Well, from a purely rational standpoint we can define a brand by tangible inputs that can be isolated and measured.
For example, if we know that strong customer advocacy is a key indicator of a strong brand, then metrics like Net Promoter Scores can be put into place to measure, track and strengthen this tangible aspect of brand.
Similarly we know that brand’s are ultimately delivered by employees, and it’s a pretty straightforward exercise to measure employee satisfaction and engagement.
But what about the less tangible aspects of brand…the irrational emotional connections that people form with their favorite brands?
In other words…what about Brand Love? How do we measure that?
And if we can’t measure it with data does it mean it doesn’t exist?
Believe it or not, I’ve been having this very conversation with some very smart, very rational and perhaps a bit short-sighted business people lately.
On one level, they admit that people can have strong relationships with brands. They’ve observed it in their personal lives friends waxing poetic about a certain car or Apple product in a way that goes way beyond the function the product serves in their lives (e.g. getting them to work quickly and safely or playing music with high quality sound).
We’ve all seen extreme manifestations of Brand Love…a tattoo of a Nike swoosh on someone’s ankle, a buzz cut in someone’s hair of the BMW logo, a child (or Poodle) named Chanel.
But these are usually isolated moments. Anecdotal snapshots. Not necessarily something you can measure in an online survey of a sample of hundreds or thousands of people.
And when you do ask outright how much someone “loves” a brand, often the answers are guarded as our rational selves take over and we feel a bit silly professing our love for inanimate objects. Especially to a research organization.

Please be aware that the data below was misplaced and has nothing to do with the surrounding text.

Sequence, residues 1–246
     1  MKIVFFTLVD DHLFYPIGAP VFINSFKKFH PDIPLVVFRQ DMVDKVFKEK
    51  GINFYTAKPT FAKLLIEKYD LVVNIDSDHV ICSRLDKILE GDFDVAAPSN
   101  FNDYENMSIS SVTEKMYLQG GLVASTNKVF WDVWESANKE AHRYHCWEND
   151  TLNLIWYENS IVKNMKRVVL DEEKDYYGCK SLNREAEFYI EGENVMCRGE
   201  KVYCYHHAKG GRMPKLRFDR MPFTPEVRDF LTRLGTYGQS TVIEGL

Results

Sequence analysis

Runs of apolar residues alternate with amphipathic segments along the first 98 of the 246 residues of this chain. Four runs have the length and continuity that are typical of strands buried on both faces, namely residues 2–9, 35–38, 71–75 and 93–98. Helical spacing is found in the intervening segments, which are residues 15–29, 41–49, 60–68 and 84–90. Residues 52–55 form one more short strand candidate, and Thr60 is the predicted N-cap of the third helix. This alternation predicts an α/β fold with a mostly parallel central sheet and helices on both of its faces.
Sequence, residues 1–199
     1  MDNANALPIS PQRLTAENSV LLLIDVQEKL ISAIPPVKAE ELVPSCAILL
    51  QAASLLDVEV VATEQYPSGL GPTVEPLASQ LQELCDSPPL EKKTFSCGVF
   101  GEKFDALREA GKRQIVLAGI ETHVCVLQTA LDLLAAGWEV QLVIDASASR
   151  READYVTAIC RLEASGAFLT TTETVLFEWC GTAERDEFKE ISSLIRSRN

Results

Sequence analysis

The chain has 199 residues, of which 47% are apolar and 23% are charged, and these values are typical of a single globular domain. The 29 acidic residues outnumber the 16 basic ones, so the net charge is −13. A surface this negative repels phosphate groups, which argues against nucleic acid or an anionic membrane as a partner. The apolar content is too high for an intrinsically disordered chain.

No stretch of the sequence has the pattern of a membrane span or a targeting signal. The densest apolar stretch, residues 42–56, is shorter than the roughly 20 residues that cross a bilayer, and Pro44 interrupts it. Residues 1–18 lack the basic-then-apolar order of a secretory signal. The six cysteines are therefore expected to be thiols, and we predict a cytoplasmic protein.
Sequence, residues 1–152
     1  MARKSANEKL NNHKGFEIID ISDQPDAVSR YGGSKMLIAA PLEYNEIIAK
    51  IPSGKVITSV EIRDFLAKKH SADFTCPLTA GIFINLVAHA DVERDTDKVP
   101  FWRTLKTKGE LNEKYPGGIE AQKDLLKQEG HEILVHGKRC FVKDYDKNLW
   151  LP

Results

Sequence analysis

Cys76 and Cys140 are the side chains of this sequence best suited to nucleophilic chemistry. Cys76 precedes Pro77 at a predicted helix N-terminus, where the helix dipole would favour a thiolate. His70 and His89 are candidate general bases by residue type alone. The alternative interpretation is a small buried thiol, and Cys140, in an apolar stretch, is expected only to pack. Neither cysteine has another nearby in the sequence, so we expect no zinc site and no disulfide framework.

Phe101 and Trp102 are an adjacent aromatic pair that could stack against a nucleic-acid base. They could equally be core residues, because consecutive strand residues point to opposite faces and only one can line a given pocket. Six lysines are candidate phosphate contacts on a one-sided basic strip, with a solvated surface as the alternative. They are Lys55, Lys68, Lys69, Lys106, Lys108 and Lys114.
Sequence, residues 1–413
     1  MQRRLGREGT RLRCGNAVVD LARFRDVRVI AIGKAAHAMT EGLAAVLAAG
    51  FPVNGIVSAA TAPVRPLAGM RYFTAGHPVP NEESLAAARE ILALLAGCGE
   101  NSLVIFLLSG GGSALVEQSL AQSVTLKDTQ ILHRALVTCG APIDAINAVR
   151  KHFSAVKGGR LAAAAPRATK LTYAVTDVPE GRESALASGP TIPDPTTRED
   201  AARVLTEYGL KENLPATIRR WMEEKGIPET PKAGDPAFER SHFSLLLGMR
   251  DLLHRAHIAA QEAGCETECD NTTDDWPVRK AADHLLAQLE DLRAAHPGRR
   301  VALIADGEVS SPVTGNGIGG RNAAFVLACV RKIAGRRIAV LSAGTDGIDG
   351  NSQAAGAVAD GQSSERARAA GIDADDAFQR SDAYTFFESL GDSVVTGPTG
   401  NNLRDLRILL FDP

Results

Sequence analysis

But the hyper rational approach to brand means that if you can’t measure something with statistically significant data, then perhaps it’s a “nice to have”but not a fundamental part of brand.
And if that is the case, then we end up setting the bar too low on our objectives and measures of success. Sure a brand can tick all the boxes on delivering on its functional promise…but if we don’t value and strive to also make an emotional connection then we’re missing out. And chances are the brand in question will never go from good to great.
In my arguments to prioritize Brand Love as a key measure of Brand Strength, I keep bringing up the analogy of religion. Billions of people around the world believe in something (in one form or another) that can’t really be measured or proven. And they go to great lengths to protect their beliefs.
Another analogy is the intangible element of personality. Have you ever had an employee or colleague that technically ticked all the competency boxes, but you knew this person would never get very far at the company because no one wanted to have a beer with them? This aspect of someone’s performance is a lot harder to quantify than the tangible stuff like the sales or awards. But nevertheless it’s equally (if not more) important element of defining the success or strength of that person. It its something that needs to be paid attention to and coached, and improved when there are issues.
I do believe in tangible measures of brand (e.g customer satisfaction, advocacy, recall, engagement) but I also believe that strong brands have a certain “je ne sais quoi”. Something less definable, perhaps less measurable, but nevertheless just as important…even if it might take a leap of faith to believe that it exists.
I think its important in this new world where data rules and we are only judged and rewarded by what we can measure, to not let Brand Love slip away just because it’s harder to wrap our arms around.
If brands only strive to deliver, but never to delight I think mediocrity will be the prize.
That’s my point of view. What’s your twist?
How do you measure Brand Love?